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My boyfriend says hurtful things and then acts like nothing has happened.
Married Life / 3:20 PM - Sunday October 21, 2012

My boyfriend says hurtful things and then acts like nothing has happened.

My boyfriend of four years (long-distance, and intercultural Asian-Western relationship) always says hurtful things to me and gets really angry to the point where no conversation is possible. I usually get upset and don't talk to him. Or if I tell him that it hurt me he says its because I do have that fault he is pointing out. Sometimes I practice patience, be sort of like a doormat, and sometimes I don't talk to him. Then he doesn't call me back forever and when he calls again he acts like nothing has happened. But I'm still upset and this makes him angry again because I can't let go of it, and that is why we are having these difficulties, because of my negative character. Then when I tell him why he just tells me to stop arguing. And accuses me again the worst stuff. I really do love him and want to be with him and he also loves me, he calls me many times a day to see what I'm doing, almost a little controlling, and really cares for my live and work and helps me with anything. But this constant anger and arguing thing is really draining. Sometimes I just want to be the 'adult' and let him talk (doormat?) but sometimes I feel that its not ok to allow him to treat me like that. What to do?

- Asked by Female, 29-35

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Could you do a follow up with how you define love? Because as far as I can tell by your post, you think it involves verbal abuse or no communication in exchange for helping you with anything but your feelings.

No one can give you the secret recipe to changing your boyfriend's behavior. You either need to learn to accept it as something that's never going to change, or upgrade the company you choose to keep. I vote for the latter.

- Response by ddegon, Female, 29-35, Washington, DC

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Community Rating: Community Star

Nothing you are trying seems to work. What you need to ask yourself - if you marry this guy and have children with him, are you OK with him teaching your children that it's OK for him to treat you this way, and perhaps your little boys will grow up to treat their wives this way and your little girls will grow up being treated this way?

When you talk about being in love, you have to ask yourself what that really means. If it just means sleeping with the guy and going out to dinner, then if you are willing to be abused, no one else is being hurt by it. but if you are thinking of long term, then you have to realize that eventually your kids could get hurt.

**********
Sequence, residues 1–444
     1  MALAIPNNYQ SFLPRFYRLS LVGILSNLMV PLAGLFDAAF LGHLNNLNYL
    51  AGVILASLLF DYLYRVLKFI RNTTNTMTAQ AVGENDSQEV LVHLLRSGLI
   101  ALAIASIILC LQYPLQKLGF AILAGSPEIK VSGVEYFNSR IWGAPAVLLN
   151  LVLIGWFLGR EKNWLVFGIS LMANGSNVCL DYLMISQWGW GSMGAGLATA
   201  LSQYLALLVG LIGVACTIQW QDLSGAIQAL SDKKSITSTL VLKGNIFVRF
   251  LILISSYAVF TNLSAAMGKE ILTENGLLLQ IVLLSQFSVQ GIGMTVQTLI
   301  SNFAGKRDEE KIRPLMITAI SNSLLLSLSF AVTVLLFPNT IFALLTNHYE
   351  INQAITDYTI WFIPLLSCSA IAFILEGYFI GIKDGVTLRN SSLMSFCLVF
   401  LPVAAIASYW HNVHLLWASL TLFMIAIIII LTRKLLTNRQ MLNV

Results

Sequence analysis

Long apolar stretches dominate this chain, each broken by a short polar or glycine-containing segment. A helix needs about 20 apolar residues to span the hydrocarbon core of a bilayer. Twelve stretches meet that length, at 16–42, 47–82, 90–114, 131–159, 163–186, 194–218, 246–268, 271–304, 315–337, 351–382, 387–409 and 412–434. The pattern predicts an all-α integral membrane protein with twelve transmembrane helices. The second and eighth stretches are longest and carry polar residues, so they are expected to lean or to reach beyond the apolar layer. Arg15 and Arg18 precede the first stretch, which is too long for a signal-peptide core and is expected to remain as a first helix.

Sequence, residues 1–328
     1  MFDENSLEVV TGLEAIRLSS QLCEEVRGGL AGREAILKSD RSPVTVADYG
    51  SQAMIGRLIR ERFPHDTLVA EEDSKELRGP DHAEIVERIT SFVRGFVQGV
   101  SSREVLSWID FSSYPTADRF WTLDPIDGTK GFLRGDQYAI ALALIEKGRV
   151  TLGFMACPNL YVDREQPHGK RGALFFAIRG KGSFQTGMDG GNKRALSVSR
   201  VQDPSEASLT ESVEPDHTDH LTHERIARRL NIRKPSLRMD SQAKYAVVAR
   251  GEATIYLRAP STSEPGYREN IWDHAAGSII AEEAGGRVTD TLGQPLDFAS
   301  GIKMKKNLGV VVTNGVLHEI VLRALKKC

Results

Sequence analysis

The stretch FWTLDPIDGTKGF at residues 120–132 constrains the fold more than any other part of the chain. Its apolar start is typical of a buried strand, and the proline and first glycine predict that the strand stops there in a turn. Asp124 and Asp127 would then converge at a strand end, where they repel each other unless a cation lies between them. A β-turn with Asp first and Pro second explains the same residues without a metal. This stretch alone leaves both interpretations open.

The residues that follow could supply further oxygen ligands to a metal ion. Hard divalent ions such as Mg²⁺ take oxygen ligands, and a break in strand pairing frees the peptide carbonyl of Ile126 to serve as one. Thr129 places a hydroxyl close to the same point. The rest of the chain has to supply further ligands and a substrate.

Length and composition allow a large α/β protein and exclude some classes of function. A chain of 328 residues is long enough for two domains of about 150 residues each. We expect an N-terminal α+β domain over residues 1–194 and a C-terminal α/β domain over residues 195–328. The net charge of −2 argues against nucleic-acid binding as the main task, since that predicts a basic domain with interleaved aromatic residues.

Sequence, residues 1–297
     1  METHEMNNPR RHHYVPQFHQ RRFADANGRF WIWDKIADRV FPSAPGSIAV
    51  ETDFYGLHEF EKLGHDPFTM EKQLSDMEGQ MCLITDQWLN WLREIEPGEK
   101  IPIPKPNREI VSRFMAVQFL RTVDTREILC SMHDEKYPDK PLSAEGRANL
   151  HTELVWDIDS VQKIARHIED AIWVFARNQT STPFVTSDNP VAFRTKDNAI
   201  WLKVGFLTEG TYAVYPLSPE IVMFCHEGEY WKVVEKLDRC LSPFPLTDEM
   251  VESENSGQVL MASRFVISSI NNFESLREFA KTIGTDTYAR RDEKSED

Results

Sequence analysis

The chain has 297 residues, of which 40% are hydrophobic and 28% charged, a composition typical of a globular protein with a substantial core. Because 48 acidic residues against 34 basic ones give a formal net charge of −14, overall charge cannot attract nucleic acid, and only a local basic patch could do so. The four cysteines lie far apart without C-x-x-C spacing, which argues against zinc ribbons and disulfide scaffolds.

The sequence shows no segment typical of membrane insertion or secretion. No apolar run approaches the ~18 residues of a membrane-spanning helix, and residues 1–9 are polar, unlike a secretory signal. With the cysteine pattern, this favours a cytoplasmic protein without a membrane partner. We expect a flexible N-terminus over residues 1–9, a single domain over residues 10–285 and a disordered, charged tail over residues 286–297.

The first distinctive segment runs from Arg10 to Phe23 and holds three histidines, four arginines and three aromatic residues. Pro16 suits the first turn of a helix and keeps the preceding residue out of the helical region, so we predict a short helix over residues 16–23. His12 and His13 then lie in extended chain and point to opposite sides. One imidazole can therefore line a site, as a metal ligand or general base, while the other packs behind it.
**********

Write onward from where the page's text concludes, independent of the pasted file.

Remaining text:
What would _I_ do if I were you? I would break up with him. But if for some reason you are not able to do that, go to therapy for yourself. Or talk to your pastor or priest or other religious adviser. But start working on yourself so you can learn to love and respect yourself.

BTW, my husband sometimes makes sarcastic or joking comments with me and I don't always appreciate it, but he grew up with 4 brothers and I think this is the type of things guys do. However, when he is serious, he does not say this stuff. I think so you do need to differentiate between what people say when they are being serious and what they say when they are joking around. To some degree women do need to have a thicker skin. However, the test is - if my husband makes a sarcastic comment while joking around and I zing him right back, he just laughs. So, if your guy makes a hurtful comment but is trying to be funny, instead of getting hurt, zing him back. If he laughs - he was playing with you. If he gets angry, he was not.

- Response by curvysmartgirl, Female, 46-55, Dallas, Artist / Musician / Writer

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Never be a doormat. Ever. A woman with self-respect and healthy self-esteem will always stand up for herself.

If he's consistently saying hurtful things to you, and then blaming you for feeling hurt, then he's not respecting you. So you really need to ask yourself if this relationship is meeting your needs. I'd recommend couples counseling, but if this is a long-distance relationship, that's pretty impossible.

It's not his job to "point out your faults". And the fact that you keep trying to be a doormat in order to keep the peace is an indication that your self-esteem isn't particularly healthy.

If this continues, you'll only feel worse. So since couples counseling is out of the question, I suggest you seek individual counseling so that you can develop a healthier attitude about yourself, and develop netter communication skills. Maybe then you will be in a better position to decide if this relationship should continue.

- Response by piscesrising, Female, Who Cares?, Boston, Internet / New Media

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I think you need to get rid of anyone in your life who verbally abuses you, and this guy is no exception.

- Response by pinkskittles722, Female, 18-21, Fitness

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